GayandRight

My name is Fred and I am a gay conservative living in Ottawa. This blog supports limited government, the right of the State of Israel to live in peace and security, and tries to expose the threat to us all from cultural relativism, post-modernism, and radical Islam. I am also the founder of the Free Thinking Film Society in Ottawa (www.freethinkingfilms.com)

Friday, March 27, 2009

Mixing Judiasm and Homosexuality in art...in Jerusalem..

Could you ever imagine this sort of art exhibit opening in Mecca???
It's safe to say that no one pays too much attention to an artist's sexual preferences these days. Similarly, holding an exhibition of works by religious artists doesn't always set the public's imagination on fire. However, try combining homosexuality with religiosity, and you are more than likely to get some kind of response from the public.

Last Tuesday the "Out of the Sacred Closet - Beauty, Belief and Identity" exhibition opened at the Hadassah Art Gallery. The exhibition comprises 14 works by homosexual and lesbian artists, all of whom come from a religious background. The opening was attended by some 250 people and, in the intervening week, the event has sparked something of a media storm with widespread coverage in this country and, to date, has also attracted the interest of reporters from Holland, Spain and the United States.

Ofra Zucker, who curated the exhibition, makes no bones about the marketing intent. "We looked for a name that we thought would pique people's interest and get them to come to the exhibition," she says. "There are so many artists with works to show, and we looked for something that would be a bit provocative and also convey the general idea behind the works."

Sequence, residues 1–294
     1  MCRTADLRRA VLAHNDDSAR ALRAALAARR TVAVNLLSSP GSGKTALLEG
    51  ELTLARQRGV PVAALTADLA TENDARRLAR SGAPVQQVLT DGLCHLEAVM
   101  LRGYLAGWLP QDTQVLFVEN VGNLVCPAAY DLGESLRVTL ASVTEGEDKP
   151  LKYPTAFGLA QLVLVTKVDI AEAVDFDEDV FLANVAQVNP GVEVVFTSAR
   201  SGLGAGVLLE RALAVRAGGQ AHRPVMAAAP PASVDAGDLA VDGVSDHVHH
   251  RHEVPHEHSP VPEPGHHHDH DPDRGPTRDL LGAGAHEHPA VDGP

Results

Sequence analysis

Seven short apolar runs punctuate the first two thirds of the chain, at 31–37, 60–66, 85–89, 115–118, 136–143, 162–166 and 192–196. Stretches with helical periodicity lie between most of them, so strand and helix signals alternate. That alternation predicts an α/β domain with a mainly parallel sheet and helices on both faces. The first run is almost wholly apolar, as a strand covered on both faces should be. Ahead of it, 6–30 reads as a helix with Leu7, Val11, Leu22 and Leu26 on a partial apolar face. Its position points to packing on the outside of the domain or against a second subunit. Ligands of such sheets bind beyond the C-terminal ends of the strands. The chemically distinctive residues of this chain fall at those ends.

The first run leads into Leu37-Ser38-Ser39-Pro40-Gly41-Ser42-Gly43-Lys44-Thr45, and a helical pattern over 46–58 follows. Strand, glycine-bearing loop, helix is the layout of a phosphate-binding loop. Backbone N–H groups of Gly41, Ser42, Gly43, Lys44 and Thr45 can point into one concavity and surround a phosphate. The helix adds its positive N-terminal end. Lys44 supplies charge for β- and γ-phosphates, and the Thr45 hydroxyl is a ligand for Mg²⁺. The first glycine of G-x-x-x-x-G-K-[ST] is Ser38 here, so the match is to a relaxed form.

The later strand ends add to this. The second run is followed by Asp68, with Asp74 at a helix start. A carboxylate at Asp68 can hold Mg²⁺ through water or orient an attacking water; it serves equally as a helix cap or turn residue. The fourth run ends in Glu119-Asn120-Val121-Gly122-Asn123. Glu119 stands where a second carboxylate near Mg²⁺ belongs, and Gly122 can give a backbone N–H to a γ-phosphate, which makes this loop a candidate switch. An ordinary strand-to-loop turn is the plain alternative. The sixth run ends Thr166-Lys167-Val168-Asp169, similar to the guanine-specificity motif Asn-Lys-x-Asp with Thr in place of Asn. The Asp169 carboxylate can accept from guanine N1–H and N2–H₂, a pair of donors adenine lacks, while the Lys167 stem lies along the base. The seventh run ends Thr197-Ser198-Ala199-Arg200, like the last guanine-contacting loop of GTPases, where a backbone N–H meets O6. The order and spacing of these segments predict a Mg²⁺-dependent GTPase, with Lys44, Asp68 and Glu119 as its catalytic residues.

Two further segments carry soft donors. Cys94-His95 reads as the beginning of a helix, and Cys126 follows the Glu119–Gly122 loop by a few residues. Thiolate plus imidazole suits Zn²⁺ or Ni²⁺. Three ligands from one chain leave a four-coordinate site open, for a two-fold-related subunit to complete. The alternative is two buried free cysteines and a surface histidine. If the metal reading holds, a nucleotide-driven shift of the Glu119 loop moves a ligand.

The Hebrew title is even more suggestive. Literally translated, the first part of the name, "Yotzim Me'aron Hakodesh," means "Coming out of the Holy Ark" - a clever play on words that gets the message across in no uncertain terms.

"That describes the artists' declaration of their sexuality, as well as the religious content - the Holy Ark," Zucker explains. "That's what the exhibition is based on. The artists here want to show there is no clash between their sexual preference and their religious upbringing."

Avi Rose certainly has no problem combining the two. In 2006, New York-born, Toronto-bred Rose, a doctor of psychology by academic training and now a Jerusalem-based purveyor of Jewish education, and his British partner became the first homosexual couple to be recognized as such by the Interior Ministry.

"My father is a rabbi and I have three brothers who are rabbis, and they have all been very supportive of me," says Rose, who has two paintings in the exhibition. His works offer a new angle on classic Zionist posters of yesteryear. In one of his paintings, for example, the original image of a benign Zionist man nurturing an adoring youngster's nascent pioneering spirit has been replaced by two male adults with a youth in a similar adulatory pose. "That conveys the idea of a male couple having a family," explains Rose.

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